It’s definitely the best of the festival so far. I loved it!

8.5 out of 10

Smile Worthy

[REVIEW] Escher and Tiger Documentaries

Hey friends! I just wanted to tell you quickly about 2 documentaries that are worth your time.

M.C. ESCHER:JOURNEY TO INFINITY

The first is available for rental and in some called M.C. Escher: Journey to Infinity. This tells us about the artist (or mathematician as he says) M.C. Escher but it does it through his own letters and diaries read by actor Stephen Fry.

Written and directed by Robin Lutz isn’t very concerned with Escher’s life.  It’s concerned with his work and if it counts as art or not. Most of us would look at his woodprints and drawings and say of course they count as art but the artist himself didn’t see it that way.

There are a few interviews from fans like Graham Nash explaining why they feel the work is art which makes for a fascinating contrast with the words from Escher himself. They also use Escher’s work to create new art and animation throughout the piece, which was very effective because I have a feeling they didn’t have many archival photographs to work with.

It is $12 to rent the documentary but you are supporting small local theaters that are struggling so much. Here is a link through Park City Film.

7 out of 10

Smile Worthy

Tiger

Next up we have a new sports documentary from HBO Max diving into the world of golfer Tiger Woods called Tiger. This documentary is particularly chilling given Tiger’s recent car accident and injuries. He’s already had a dramatic fall from grace and a return. One can’t help but wonder if he can do it again?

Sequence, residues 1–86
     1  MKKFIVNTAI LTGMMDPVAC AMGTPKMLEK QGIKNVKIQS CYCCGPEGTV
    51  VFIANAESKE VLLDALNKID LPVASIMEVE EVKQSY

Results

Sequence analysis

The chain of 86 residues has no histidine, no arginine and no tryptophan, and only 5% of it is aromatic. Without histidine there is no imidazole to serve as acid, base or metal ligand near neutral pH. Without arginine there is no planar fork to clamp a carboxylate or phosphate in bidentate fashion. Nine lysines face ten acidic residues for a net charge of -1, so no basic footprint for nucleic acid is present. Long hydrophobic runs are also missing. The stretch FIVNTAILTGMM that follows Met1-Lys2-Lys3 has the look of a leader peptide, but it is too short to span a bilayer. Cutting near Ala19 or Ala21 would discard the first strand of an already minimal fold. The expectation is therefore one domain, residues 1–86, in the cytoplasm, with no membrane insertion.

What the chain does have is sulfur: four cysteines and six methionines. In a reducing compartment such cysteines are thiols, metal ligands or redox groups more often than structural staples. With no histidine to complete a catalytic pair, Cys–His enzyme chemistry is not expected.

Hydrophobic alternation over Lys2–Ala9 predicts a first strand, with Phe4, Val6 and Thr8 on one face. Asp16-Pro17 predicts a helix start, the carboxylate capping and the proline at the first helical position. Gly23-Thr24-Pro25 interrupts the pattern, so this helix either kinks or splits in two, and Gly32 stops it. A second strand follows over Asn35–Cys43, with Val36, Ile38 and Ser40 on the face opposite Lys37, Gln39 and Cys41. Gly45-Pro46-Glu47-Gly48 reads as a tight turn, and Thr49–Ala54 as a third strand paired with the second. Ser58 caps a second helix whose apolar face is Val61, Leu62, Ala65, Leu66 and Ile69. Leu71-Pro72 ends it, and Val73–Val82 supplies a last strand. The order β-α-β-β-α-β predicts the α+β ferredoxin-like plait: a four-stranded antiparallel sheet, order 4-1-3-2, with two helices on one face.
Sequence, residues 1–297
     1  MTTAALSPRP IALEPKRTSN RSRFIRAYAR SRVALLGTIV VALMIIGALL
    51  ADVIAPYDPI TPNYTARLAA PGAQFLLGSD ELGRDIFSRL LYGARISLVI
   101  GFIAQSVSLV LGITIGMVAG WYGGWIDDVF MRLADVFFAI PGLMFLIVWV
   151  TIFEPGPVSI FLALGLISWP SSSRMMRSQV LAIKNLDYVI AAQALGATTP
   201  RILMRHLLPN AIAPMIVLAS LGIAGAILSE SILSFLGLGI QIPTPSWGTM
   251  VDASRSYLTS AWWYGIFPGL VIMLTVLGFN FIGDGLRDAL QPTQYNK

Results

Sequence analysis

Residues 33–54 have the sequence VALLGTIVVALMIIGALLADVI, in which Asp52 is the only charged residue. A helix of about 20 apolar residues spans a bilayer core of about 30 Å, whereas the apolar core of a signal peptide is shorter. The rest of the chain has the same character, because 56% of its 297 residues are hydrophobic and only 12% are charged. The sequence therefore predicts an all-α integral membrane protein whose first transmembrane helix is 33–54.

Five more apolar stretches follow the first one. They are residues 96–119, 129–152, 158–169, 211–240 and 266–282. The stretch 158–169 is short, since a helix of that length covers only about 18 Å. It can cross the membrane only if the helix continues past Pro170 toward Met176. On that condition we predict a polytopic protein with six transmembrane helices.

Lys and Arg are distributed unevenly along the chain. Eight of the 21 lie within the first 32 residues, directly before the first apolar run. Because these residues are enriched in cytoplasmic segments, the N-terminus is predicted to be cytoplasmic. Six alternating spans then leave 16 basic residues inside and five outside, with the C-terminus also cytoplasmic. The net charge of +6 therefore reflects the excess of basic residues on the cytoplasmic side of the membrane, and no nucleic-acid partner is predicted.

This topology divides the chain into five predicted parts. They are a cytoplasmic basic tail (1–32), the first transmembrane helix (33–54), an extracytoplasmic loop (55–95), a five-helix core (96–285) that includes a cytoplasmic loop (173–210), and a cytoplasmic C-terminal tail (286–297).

Before continuing on with this review I should clarify I have almost no interest in golf. I recognize the skill that goes into the game. It is just not something that interests me to either play or watch. Nevertheless, I found Tiger to be a very well done and gripping documentary.

The most chilling part of Tiger is the audio they use repeatedly of Tiger’s father Earl talking about his son as a great gift to mankind, a Messianic like character that society better treat right.

“He will transcend this game and bring to the world a humanitarianism which has never been known before.
“The world will be a better place to live in, by virtue of his existence and his presence.”

This is my treasure; please accept it and use it wisely.”

Tiger tries to brush this aside as the words of a proud father but it can’t help but feel like such lofty expectations were doomed to fail. Who but God himself can live up to such promises?

As we all know Tiger did live up to the expectations when it came to golf but his personal choices caught up to him causing a moral implosion and scandal. All of this is dealt with in the documentary and I found it fascinating.

It’s too bad, unlike The Last Dance, which had Michael Jordan himself in the docuseries they couldn’t get Tiger in Tiger or anybody in his family.  That would have added some authenticity but overall I still enjoyed watching the documentary. I appreciate it tried to look for broader themes rather than a more sensationalized TMZ like approach.

Tiger is available on HBO Max and I recommend giving it a watch.

7 out of 10

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[REVIEW] ‘Flora & Ulysses’ or Super Squirrels and Little Girls Are Adorable

One of the best things to come out of Disney Plus is the return of the mid-budget family film from Walt Disney Studios. With the exception of their Disneynature brand, the studio for many years only made giant blockbusters with over $100 million budgets. This was a real shame because I love the small live action Disney films from my childhood. Films like Newsies, White Fang, Wild Hearts Can’t Be Broken and The Journey of Natty Gann are practically as important to me as the Disney animated films. I’m so happy that a new generation of children will get films like these by way of Disney Plus!